I first heard about Hannu’s fantastic book deal with Gollancz, they signed him for three books after reading just one chapter of the first book, but after listening to His Master’s Voice By Hannu Rajaniemi on Escape Pod 227 I totally understand why John Jarrold signed Hannu.
To quot myself about His Master’s Voice:
The story is fantastic and makes you interested in more, the world is a singularity one where humans have evolved and can make copies of their own minds. Unrestricted copy led to the creation of Plurals some of which evolved to transhuman civilizations out among the stars. Now human law limits every human to one copy at a time. The master breaks the law and is sentenced to a virtual prison. It’s from there the animals have to rescue him.
The language in the story is poetic and it sounds fantastic coming from someone not born to the language. The story hints on things that might be in Hannu’s upcoming novel. There is a war going on among the stars and it’s there the small animal are going, to the Big Dogs. The story is also amusing and fun, imagine the dog becomes a musician to earn money and the cat had a gladiator career that lasted a while.
I have only one word for this story: Epic
I know quite a few book bloggers that also have The Quantum Thief in their pick for 2010 too.
- Read a Review of the ARC on Wertzone. He calls it “easily the best SF debut since Richard Morgan’s Altered Carbon“.
Title: The Quantum Thief
Series: The Quantum Thief Trilogy book 1
Author: Hannu Rajaniemi
Genre: Space Opera
Hardcover: 448 pages
Publisher: Gollancz (30 September) | Tor (May 2011)
Jean le Flambeur is a post-human criminal, mind burglar, confidence artist and trickster. His origins are shrouded in mystery, but his exploits are known throughout the Heterarchy – from breaking into the vast Zeusbrains of the Inner System to steal their thoughts, to stealing rare Earth antiques from the aristocrats of the Moving Cities of Mars. Except that Jean made one mistake. Now he is condemned to play endless variations of a game-theoretic riddle in the vast virtual jail of the Axelrod Archons – the Dilemma Prison – against countless copies of himself. Jean’s routine of death, defection and cooperation is upset by the arrival of Mieli and her spidership, Perhonen. She offers him a chance to win back his freedom and the powers of his old self – in exchange for finishing the one heist he never quite managed . . . The Quantum Thief is a dazzling hard SF novel set in the solar system of the far future – a heist novel peopled by bizarre post-humans but powered by very human motives of betrayal, revenge and jealousy. It is a stunning debut.
At first I didn’t know if I should be outraged that David Weber jumped on the vampire bandwagon or be delighted that he was starting a new series. By what I have been able to find out it sound like we and the vampires stand alone against an alien onslaught. I am not totally happy about it but the idea is intriguing David has yet to write something I don’t like.
It is built on a short story with the same name published in the anthology Warriors edited by G. R. R. Martin and Gardener Duzois published by Tor Books March 2010.
- My Author Profile of David Weber – lots of free online novels there to get you hocked.
Earth is conquered. The Shongairi have arrived in force, and humanity’s cities lie in radioactive ruins. In mere minutes, over half the human race has died.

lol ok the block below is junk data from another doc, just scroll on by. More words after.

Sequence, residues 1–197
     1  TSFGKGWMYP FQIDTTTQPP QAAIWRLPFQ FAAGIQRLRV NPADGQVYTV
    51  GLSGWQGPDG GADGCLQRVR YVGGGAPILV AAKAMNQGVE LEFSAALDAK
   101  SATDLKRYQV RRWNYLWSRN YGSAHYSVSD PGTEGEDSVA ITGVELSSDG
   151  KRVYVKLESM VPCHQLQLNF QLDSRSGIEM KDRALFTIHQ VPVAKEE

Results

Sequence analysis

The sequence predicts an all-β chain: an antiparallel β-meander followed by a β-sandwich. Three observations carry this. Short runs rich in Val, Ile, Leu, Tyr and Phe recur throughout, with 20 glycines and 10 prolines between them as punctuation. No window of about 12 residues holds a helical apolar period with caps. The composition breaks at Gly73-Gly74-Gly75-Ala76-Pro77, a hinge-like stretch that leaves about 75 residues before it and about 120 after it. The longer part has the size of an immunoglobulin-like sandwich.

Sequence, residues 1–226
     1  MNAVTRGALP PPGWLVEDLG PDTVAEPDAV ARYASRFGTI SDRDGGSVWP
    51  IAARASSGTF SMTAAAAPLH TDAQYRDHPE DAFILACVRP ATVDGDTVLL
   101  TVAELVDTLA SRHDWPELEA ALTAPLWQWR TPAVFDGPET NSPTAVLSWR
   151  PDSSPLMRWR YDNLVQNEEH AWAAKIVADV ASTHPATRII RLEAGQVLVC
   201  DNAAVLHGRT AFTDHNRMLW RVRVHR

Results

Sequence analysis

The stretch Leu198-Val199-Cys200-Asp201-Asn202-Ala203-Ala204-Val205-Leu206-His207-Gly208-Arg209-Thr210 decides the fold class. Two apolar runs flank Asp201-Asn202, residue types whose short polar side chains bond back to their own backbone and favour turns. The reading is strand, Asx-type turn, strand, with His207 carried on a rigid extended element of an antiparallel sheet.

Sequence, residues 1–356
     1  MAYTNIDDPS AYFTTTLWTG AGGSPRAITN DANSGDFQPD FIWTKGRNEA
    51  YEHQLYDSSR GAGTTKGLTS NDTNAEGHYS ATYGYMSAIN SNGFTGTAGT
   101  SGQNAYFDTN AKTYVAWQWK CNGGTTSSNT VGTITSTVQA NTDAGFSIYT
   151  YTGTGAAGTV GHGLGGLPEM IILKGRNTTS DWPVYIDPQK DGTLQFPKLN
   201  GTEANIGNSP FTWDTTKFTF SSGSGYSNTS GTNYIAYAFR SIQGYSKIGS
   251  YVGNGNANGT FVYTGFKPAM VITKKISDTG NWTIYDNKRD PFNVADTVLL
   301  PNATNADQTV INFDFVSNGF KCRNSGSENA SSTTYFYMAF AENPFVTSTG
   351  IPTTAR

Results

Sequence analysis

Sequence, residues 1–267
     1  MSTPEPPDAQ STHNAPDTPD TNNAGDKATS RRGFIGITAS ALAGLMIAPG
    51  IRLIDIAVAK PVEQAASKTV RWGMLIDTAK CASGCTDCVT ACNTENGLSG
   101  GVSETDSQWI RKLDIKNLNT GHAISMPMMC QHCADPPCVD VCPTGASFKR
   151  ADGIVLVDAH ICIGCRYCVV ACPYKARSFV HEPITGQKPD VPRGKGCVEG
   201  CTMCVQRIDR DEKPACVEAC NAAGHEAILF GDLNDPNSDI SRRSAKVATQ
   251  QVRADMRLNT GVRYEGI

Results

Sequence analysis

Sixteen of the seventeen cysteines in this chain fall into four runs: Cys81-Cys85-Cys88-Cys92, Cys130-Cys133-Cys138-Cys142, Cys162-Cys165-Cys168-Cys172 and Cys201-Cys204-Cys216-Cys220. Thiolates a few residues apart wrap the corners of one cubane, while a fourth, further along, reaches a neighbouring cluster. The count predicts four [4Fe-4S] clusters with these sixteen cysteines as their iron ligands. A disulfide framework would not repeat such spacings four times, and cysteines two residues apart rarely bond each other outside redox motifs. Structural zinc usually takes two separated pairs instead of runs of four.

Now Master Sergeant Stephen Buchevsky, who thought he was being rotated home from his latest tour in Afghanistan, finds himself instead prowling the back country of the Balkans, dodging alien patrols and trying to organize the scattered survivors without getting killed.
His chances look bleak. The aliens have definitely underestimated human tenacity–but no amount of heroism can endlessly hold off overwhelming force.
Then, emerging from the mountains and forests of Eastern Europe, new allies present themselves to the ragtag human resistance. Predators, creatures of the night, human in form but inhumanly strong. Long Enemies of humanity… until now. Because now is the time to defend Earth.
Kris Longknife is a formidable woman with a knack for getting in trouble and getting out. She is one of them Longknifes and if life wasn’t enough complicated being an officer in the navy; the society of humanity dissolve and her grandpa is named King making her a reluctant princess. The Peterwald family with their long standing grudge with the Longknife set up their own little pocket empire and starts to make life for Kris and her family difficult. Lots of humor and fantastic characters. I love this series and the characters in them so this is a must.
Upcoming after this one is Daring in October 2011 and Furious in 2012. The titles are only preliminary expect changes, Redoubtable changed name at least once the last year.
- My author profile of Mike Shepherd
- My thoughts on the three first novels in the series: Mutineer | Deserter | Defiant
- My thoughts on book six and seven: Intrepid | Undaunted
- The Society of Humanity Trilogy written as Mike Moscoe let us follow Ray Longknife, here are my thoughts on book 1: First Casualty
Lieutenant Commander Kris Longknife has precise orders: seek out, engage,and destroy pirates, slavers, and drug lords operating beyond the rim of human space—without interfering in Peterwald family affairs. But when slavers kidnap a twelve-year-old girl, Kris’s mission becomes personal. And if destroying the pirate compound flattens some Peterwald interests—well, to hell with politics.
My experience with Neal Asher so far has strictly been with his Agent Cormac series which takes place in the same universe like this one. Fact is that most of the books have part of their action on Masada. So even if I might not see Cormac here it is connected to the story before. Plus the cover is awesome.
One thing that bothers me is that it is so hard to find Neal’s books in the US; somebody should do something about that. They are missing out.
Title: The Technician
Universe: Polity Universe
Author: Neal Asher
Genre: Space Opera
Hardcover: 352 pages
Publisher: Tor UK, 20 Aug 2010